We are frequently challenged about the risk of counterfeiting in China, and how non-Chinese companies can organise and manage their IP to mitigate what many see as an endemic problem in that region of the world.
We frequently respond that it’s all about getting IP protection in place, ensuring the legal requirements for a robust agreement are followed and, as is the case everywhere, being vigilant and proactive in the market.
We also say that the Chinese government is keenly aware of the issue and very actively addressing it. Many clients are skeptical.
Here’s some more evidence of how the Chinese market is changing.
China’s General Administration of Customs acts to stop exports
Unlike in most markets, which focus on anti-counterfeiting measures for imported goods, in China it is possible to also lodge custom notices for exported goods.
By central government directive, as part of its efforts to prevent the export and import of goods that infringe intellectual property rights, China’s General Administration of Customs (GACC) has conducted various special campaigns to investigate shipments and seize infringing goods.
On 1 September 2017, the GACC launched a campaign called ‘Longteng’, also known as ‘Soaring Dragon’. The focus of the campaign was to prevent goods that infringed the intellectual property rights of Chinese companies from being exported to foreign markets. The campaign concluded at the end of November 2017 and has resulted in the seizure of more than 1 million infringing products in 46 consignments.
In a report published by the GACC on 20 April 2017, the GACC stated that its customs officers had seized more than 42 million infringing goods in 2016.
Unlike in Australia, which only allows IP owners to record trade marks and copyright with Australian Customs, IP owners can record patents, trade marks and copyright with the GACC. This being said, 98.56% of the goods seized by the GACC in 2016 were based on trade mark infringement. This is not surprising given it is generally easier for customs officers to visually detect goods that infringe trade marks than copyright or patents.
Interestingly, the total number of goods seized by the GACC increased by 33.6% in 2016 from 2015. Given GACC’s apparent strong stance against the export and import of infringing goods, Chinese manufacturers are increasingly unlikely to have the freedom to export infringing goods that they may have enjoyed in the past. If the above trend continues, the number of counterfeit products that flood foreign shores will inevitably decrease over time.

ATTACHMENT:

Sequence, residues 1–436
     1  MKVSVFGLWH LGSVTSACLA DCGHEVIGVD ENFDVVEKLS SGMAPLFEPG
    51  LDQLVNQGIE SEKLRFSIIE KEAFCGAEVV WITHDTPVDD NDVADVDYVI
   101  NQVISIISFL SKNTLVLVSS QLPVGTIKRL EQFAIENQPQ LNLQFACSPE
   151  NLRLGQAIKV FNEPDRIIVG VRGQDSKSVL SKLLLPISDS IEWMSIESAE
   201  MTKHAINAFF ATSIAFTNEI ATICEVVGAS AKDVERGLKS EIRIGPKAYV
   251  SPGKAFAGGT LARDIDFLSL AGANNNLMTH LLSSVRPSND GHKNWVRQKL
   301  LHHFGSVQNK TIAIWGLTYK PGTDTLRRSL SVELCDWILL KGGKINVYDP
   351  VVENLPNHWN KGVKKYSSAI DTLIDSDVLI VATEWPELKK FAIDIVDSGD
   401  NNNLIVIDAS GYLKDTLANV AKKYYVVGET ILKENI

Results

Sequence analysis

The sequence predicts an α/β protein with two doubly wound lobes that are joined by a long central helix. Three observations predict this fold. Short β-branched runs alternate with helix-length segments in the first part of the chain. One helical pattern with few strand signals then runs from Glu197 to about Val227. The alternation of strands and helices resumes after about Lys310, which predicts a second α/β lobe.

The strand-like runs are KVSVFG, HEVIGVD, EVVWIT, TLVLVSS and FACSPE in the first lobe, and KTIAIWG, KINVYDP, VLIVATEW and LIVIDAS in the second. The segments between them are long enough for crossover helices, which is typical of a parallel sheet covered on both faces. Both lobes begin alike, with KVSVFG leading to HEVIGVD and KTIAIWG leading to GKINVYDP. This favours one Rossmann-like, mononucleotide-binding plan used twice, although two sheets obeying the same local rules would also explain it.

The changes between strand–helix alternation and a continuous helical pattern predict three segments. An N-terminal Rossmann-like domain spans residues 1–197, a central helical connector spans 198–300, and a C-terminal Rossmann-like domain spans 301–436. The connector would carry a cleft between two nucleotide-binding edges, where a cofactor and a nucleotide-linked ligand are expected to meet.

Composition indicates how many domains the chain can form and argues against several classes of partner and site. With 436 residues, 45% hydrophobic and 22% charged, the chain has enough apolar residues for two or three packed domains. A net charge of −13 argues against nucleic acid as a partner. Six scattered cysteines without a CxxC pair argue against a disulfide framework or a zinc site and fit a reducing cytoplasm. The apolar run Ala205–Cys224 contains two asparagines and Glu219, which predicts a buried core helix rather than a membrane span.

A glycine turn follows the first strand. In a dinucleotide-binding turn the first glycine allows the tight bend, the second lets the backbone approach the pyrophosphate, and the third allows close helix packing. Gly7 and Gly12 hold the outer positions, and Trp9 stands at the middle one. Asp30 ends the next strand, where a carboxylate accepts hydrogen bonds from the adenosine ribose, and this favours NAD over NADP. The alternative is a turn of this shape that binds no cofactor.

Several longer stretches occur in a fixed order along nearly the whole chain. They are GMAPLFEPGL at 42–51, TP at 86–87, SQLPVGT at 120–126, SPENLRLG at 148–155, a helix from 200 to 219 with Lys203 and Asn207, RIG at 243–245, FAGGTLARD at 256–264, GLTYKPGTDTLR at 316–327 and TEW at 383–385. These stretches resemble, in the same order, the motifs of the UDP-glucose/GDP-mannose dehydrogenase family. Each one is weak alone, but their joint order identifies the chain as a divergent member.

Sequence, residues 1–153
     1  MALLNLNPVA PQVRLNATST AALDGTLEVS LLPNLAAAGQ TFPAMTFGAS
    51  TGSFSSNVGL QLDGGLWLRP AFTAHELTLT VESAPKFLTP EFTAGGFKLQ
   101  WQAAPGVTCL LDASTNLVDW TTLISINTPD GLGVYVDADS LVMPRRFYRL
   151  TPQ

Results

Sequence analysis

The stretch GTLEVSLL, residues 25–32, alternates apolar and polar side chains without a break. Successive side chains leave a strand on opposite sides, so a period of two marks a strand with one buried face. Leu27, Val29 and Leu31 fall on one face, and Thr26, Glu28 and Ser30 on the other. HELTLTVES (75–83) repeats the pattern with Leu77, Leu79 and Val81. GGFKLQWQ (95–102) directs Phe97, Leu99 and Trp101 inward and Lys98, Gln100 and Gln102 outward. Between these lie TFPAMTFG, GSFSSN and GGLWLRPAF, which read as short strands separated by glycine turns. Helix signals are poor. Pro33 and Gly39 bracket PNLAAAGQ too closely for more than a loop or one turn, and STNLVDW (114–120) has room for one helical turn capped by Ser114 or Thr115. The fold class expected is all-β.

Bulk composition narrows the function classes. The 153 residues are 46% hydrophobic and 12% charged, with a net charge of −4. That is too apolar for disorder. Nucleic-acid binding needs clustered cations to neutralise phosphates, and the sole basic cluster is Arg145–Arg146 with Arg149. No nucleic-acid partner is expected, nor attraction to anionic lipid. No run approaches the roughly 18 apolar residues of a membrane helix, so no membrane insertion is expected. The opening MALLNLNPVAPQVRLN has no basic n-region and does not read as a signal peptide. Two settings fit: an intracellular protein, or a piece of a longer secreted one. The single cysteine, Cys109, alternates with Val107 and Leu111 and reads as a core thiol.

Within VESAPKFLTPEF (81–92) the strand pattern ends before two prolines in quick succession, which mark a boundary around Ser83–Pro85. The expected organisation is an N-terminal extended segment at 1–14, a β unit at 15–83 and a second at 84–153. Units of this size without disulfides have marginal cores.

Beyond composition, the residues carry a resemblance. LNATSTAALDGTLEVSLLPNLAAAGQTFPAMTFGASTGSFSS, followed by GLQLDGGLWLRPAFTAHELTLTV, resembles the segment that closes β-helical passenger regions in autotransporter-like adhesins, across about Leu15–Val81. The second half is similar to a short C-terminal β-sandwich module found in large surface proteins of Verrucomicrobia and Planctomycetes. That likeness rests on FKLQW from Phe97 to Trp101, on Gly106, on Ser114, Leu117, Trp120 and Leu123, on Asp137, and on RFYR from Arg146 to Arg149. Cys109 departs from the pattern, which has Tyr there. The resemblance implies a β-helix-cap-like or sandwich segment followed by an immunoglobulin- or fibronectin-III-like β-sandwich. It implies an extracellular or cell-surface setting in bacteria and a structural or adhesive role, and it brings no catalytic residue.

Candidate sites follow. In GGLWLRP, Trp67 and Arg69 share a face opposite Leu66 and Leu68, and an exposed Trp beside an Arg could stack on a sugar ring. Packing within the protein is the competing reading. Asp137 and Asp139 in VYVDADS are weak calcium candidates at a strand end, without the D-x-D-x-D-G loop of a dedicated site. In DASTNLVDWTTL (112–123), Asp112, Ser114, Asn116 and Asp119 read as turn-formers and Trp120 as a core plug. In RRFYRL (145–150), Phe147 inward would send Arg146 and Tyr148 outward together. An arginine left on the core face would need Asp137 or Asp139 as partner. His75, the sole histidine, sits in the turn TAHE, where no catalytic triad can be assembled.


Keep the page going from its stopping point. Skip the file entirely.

What to do if you are operating in China
In order to protect its IP rights in China, an IP owner should, as a bare minimum:
- register its IP rights with the Chinese IP authorities. In particular, trade mark owners must consider registering trade marks in Chinese characters, not just as a transliteration, but also potentially as a translation using characters that convey brand characteristics ; and
- take advantage of the procedures available with the GACC and record their IP rights with customs once the IP right has been registered with the relevant IP office.
The application to record an IP right with the GACC can be filed by a Chinese attorney or directly by a company if it is a registered company in China. There is an official fee for each recordal with the GACC.
Once the IP right has been recorded with the GACC, it lasts for the duration of the IP right or 10 years (whichever is shorter). To assist the GACC to inspect shipments and seize infringing goods, an IP owner should also provide additional information to the GACC, including pictures or samples of genuine product, details of authorised importers or exporters, and details of any known or suspected infringers or infringing products.
If you would like further information and advice, please contact your attorney or IP lawyer. We can not only help you register your rights, but also identify and clear appropriate Chinese language branding, put in place GACC procedures and follow up infringers if counterfeit goods are identified.
 GACC website, http://www.customs.gov.cn/publish/portal0/tab49564/info846639.htm, accessed on 11 December 2017.